strings = [0x4C, 0xE, 2, 9, -7, 0x10, -54, 0x3E, 0x17, -9, -44, 0x4C, 0xA, ...]
c0, c1, c2 = (0x199, 0x3E, -8)

def decrypt(length, curChar, pos):
  length += c0
  curChar += c1
  r = ''
  for i in range(length):
    r += chr(curChar & 0xFF)
    curEncodedChar = strings[pos]
    pos += 1
    curChar = curChar + curEncodedChar + c2
  return r

Combined with reflection (another feature of the protector), the protection can be pretty effective.

Help for the Bluebox challenge

The Bluebox fellows have posted an interesting Android crackme a few days ago.

The APK presents several oddities, including:

  • APK entries marked as password-protected.
  • Reuse of java.lang.String to confuse tools and analysts.
  • Some basic cryptography in the APK.
  • The most interesting part: a native library that replaces the bytecode for the custom String.add() upon loading the main activity class

As Jurriaan Bremer pointed out, the replacement bytecode in question can be found at offset 4004h of, and is E0h bytes long. The original String.add() is only A6h bytes long, and references exception handlers. Replacing the bytecode is not trivial, but annoying.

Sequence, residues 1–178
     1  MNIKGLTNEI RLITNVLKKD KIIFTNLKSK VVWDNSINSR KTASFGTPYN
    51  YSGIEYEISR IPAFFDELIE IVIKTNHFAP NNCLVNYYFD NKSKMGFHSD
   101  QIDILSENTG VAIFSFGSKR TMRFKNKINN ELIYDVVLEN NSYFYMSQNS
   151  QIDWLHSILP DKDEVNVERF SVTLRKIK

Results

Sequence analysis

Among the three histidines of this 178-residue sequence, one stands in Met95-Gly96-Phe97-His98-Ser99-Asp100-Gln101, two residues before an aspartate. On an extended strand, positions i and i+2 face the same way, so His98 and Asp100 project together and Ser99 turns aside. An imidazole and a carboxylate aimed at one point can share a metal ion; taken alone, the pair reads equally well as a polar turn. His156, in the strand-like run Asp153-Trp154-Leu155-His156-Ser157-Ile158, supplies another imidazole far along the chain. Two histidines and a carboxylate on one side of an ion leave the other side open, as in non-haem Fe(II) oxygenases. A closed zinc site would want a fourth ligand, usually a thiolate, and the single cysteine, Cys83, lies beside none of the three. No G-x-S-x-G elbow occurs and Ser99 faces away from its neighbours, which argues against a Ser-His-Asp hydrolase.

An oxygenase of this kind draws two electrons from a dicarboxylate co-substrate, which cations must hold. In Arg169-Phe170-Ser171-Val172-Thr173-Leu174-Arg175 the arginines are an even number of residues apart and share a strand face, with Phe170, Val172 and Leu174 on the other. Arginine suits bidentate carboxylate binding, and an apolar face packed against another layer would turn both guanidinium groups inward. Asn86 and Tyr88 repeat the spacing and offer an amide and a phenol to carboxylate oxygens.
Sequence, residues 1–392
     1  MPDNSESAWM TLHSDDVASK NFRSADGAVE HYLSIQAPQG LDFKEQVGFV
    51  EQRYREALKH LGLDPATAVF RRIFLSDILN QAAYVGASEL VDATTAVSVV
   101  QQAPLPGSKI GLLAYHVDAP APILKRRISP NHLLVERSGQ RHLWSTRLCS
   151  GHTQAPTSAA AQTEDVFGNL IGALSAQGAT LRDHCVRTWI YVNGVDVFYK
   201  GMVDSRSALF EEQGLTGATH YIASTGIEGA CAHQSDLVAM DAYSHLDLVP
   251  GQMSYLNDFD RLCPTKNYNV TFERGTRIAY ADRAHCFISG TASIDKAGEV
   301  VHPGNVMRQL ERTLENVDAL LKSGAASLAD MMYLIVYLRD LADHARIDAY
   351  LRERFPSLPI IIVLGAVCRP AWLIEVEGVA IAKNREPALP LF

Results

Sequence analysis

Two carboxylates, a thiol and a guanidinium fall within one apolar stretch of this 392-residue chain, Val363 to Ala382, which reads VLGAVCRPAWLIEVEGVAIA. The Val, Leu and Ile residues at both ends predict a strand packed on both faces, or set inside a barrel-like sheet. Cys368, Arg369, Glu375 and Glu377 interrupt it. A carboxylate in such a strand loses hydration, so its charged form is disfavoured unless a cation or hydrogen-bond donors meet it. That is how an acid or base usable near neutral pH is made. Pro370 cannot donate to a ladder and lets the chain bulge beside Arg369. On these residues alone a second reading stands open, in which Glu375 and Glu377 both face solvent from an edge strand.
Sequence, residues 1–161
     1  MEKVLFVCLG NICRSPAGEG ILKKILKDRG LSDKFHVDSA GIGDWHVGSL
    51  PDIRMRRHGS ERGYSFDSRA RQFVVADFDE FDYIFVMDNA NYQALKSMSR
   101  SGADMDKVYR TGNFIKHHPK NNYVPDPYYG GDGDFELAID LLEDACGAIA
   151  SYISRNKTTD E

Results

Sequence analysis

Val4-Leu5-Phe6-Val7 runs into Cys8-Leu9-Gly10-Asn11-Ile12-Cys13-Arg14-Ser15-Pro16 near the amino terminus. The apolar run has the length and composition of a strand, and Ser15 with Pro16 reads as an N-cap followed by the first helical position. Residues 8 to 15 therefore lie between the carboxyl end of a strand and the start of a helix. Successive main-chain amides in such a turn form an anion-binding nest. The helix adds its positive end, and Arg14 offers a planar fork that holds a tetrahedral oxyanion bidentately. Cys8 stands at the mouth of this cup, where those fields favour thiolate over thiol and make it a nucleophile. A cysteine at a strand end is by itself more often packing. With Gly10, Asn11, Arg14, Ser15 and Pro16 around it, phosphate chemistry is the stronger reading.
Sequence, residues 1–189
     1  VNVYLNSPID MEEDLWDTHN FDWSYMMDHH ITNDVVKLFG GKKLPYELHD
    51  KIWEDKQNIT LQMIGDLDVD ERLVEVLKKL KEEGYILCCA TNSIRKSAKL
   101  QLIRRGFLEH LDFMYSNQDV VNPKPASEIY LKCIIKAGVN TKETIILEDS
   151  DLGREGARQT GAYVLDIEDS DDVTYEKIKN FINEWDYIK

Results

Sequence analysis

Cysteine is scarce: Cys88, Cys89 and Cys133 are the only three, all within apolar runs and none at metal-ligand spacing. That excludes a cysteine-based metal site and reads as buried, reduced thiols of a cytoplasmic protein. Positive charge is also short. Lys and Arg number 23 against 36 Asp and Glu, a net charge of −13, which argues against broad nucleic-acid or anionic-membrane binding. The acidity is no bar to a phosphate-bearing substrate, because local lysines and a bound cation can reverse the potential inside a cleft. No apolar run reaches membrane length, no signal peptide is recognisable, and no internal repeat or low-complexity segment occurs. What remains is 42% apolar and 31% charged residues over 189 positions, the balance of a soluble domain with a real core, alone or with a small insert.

After reassembly, JEB decompiles the real String.add() to clean code: (marked-up in the screenshot below)


I’m providing the sources for both com.bluebox.lab.poc.Action and the fixed java.lang.String if you want to complete the challenge.


Bad Java decompilation means erroneous statement in research paper

Back in July 9, 2012, Martin Georgiev et al. published a paper entitled “The Most Dangerous Code in the World: Validating SSL Certificates in Non-Browser Software” (download) that points out broken SSL certificates validation in various applications and third-party libraries.

One of the case studied is the Chase mobile banking app for Android. It turns out the version studied by the authors was 2.5 or earlier, released on April 23, 2012. (The APK can be found on Android-Drawer.) In paragraph 10.1, the authors wrote:

“Decompilation and analysis of this app’s code show that it overrides the default X509TrustManager. The replacement code simply returns without checking the server’s certificate. The code below is the result of reverse-engineering, thus variable names and other details may differ from the actual code.”

While the first statement is true (X509Certificate.checkServerTrusted() is overriden), the second is false. The claim was made because of improper decompilation to Java:

public final void checkServerTrusted(X509Certificate[]paramArrayOfX509Certificate,    String paramString)